ASMR, which stands for autonomous sensory meridian response, is a feeling of tickling that starts in the head and neck and moves down the body. ASMR can be caused by a variety of visual and auditory cues, like watching someone try to massage or brush their hair, or by listening to soft sounds like whispering or tapping. ASMR videos are easy to find on sites like YouTube, and each one has thousands or even millions of followers and views.
People have different sets of things that set them off. But millions of people around the world use ASMR to help them relax, fall asleep, and deal with worry.
Even though there is more interest in studying ASMR, there is still a lot we don’t know about it. Why do some people get tingles and others don’t, for example? Could it help to think of ASMR as a form of therapy if we knew more about the mental traits that are linked to it?
A recent study shows that people who can get ASMR are more likely to be neurotic. The nervous personality trait is marked by depression, self-doubt, and other bad feelings. Nervousness and other bad feelings are also linked to neuroticism. We also know that people with a lot of anxiety may watch ASMR movies often to relax and calm down.
Few studies have looked at how ASMR pictures affect anxiety or if there is a link between ASMR and being a nervous person. The goal of our new study is to add to what is already known in these fields.
What We Did
We asked 36 people with ASMR and 28 people who don’t have ASMR to help us. All of the people in the study watched a five-minute movie that had a bunch of the most common ASMR triggers in it.
Before watching the movie, the subjects’ trait anxiety, their tendency to feel constant anxiety, and their state anxiety were all measured with questionnaires. After seeing the movie, they were asked to fill out a survey about their nervousness.
Neuroticism and trait anxiety were much more common in people who experienced ASMR than in people who didn’t, which suggests that these traits are linked to being able to feel ASMR. Before watching the video, people who have experienced ASMR tend to feel a lot more anxious, but afterward, they feel a lot less anxious.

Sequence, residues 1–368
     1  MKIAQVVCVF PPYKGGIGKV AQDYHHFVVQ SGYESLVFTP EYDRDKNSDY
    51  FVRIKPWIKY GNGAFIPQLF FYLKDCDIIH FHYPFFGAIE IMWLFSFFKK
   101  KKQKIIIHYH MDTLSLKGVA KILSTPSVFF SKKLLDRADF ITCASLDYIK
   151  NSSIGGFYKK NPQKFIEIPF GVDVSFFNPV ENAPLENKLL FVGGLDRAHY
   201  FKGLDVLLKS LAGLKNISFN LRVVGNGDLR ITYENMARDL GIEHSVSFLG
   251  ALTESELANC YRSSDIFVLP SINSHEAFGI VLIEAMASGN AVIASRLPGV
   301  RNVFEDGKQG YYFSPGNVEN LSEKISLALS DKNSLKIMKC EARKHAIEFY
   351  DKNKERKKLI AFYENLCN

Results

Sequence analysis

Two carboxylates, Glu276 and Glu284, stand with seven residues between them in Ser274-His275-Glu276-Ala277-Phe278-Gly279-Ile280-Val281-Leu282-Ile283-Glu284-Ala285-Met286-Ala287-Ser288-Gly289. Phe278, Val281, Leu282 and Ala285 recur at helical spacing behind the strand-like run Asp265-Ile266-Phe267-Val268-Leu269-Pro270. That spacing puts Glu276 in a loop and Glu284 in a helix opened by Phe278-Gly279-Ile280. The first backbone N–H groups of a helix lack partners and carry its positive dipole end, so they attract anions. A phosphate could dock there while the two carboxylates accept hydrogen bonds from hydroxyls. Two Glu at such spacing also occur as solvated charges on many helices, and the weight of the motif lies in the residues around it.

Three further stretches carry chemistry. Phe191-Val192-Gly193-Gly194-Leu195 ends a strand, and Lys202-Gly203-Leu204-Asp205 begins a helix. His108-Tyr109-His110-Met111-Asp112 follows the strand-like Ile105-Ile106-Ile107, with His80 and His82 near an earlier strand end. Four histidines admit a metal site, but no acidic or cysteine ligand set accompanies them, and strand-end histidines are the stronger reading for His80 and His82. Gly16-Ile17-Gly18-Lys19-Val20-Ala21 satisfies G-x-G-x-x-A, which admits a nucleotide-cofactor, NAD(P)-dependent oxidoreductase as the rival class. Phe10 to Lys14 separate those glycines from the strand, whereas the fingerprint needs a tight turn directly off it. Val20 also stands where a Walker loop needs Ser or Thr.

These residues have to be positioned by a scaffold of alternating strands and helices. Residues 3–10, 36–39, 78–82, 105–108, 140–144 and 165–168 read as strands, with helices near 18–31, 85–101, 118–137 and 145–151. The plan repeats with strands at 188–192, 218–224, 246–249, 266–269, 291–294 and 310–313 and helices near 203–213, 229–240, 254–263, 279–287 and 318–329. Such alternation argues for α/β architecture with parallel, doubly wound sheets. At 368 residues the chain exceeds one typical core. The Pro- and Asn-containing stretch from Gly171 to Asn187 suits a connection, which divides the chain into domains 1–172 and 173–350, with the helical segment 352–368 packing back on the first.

But when the non-experiencers’ state worry levels before and after watching the film were compared, there was no change. So the ASMR movie made people less stressed, but only if they usually feel stressed.
A woman listening to music on her headphones while using her laptop in a park.
Videos on YouTube that make people feel ASMR have become very popular. Photo by Jacob Lund used as stock
When we looked at the data again, however, we found that the ASMR video had a positive effect on the anxiety levels of people who were more likely to be nervous and anxious in general, whether they experienced ASMR or not.
As a choice for treatment, ASMR shows how important it is to have unique personality traits. It also shows that you don’t have to feel the “tingle” to get something out of ASMR movies.
Other studies have also found that people who experience ASMR have higher amounts of being nervous. Our research shows that people with more worry are also more likely to experience ASMR.
Those who have ASMR said that seeing the ASMR movie made them feel less anxious. Our results suggest that ASMR may have a calming effect on everyone. This makes sense since many people who are interested in ASMR do so for healing reasons.
So, even if you don’t do ASMR things like watch ASMR movies or feel ASMR tingles often, those who are more likely to be nervous or anxious may benefit from doing them.
Our study had a very small sample size, and we can’t say for sure that the people who took part were more likely to enjoy ASMR. Because of this, more studies will need to be done with people who have never heard of ASMR.
The possible benefits of ASMR as a psychological treatment for people with worry need to be looked into more. In similar news, ASMR recordings may soon be used as a form of digital therapy for mental health problems.
In the meantime, the neuroimaging study is giving us more information about this behaviour. Electroencephalography (EEG), a type of brain imaging, has shown that the electrical activity in the brain that is usually linked with calm (like in mindfulness meditation) went up in reaction to ASMR stimuli. This was measured by researchers who looked at the electrical activity in the brain during ASMR. This was true even when people were trying to do something hard in their minds.
The results of these studies suggest that ASMR causes changes in brain activity that are similar to a feeling of relaxation, which may be present even when doing everyday chores. In addition to studying how people act, neuroimaging studies could help us figure out how ASMR might help people feel less anxious.